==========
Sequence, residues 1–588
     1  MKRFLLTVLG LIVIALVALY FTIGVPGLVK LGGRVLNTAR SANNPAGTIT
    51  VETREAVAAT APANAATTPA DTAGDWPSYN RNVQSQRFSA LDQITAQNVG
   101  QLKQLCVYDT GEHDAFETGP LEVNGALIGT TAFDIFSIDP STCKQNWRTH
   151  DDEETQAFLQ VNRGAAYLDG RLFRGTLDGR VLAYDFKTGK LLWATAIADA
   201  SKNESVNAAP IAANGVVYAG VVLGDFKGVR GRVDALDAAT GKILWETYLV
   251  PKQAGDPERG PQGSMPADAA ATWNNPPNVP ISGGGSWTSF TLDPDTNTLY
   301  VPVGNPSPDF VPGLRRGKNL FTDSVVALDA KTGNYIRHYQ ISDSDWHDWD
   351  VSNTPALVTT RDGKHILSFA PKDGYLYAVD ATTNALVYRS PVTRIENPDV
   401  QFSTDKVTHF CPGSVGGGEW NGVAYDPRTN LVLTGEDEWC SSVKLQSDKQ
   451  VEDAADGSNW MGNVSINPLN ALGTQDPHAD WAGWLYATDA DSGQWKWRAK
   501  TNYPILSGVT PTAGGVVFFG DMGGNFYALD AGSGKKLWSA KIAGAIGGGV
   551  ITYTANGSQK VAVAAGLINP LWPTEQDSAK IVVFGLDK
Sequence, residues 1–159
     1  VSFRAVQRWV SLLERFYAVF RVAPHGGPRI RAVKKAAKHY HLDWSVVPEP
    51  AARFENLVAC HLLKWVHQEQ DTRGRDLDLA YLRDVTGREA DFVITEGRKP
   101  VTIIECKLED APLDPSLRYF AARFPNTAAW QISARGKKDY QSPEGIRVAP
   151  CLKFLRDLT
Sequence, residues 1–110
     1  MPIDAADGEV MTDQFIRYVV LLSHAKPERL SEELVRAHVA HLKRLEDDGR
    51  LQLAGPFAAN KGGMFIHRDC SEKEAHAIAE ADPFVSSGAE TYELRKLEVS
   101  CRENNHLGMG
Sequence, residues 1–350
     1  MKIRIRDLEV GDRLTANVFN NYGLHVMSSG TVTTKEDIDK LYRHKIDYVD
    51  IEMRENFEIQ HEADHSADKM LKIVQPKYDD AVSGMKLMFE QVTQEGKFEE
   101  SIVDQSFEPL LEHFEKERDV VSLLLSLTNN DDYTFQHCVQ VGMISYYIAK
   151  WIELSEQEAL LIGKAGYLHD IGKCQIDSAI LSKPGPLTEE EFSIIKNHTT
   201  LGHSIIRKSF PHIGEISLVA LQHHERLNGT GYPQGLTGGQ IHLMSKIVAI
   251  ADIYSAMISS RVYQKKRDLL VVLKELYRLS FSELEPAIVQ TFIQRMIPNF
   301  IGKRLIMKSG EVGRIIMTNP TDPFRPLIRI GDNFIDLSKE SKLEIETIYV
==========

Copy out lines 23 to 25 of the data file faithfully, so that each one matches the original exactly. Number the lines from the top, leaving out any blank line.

Sequence, residues 1–350
     1  MKIRIRDLEV GDRLTANVFN NYGLHVMSSG TVTTKEDIDK LYRHKIDYVD
    51  IEMRENFEIQ HEADHSADKM LKIVQPKYDD AVSGMKLMFE QVTQEGKFEE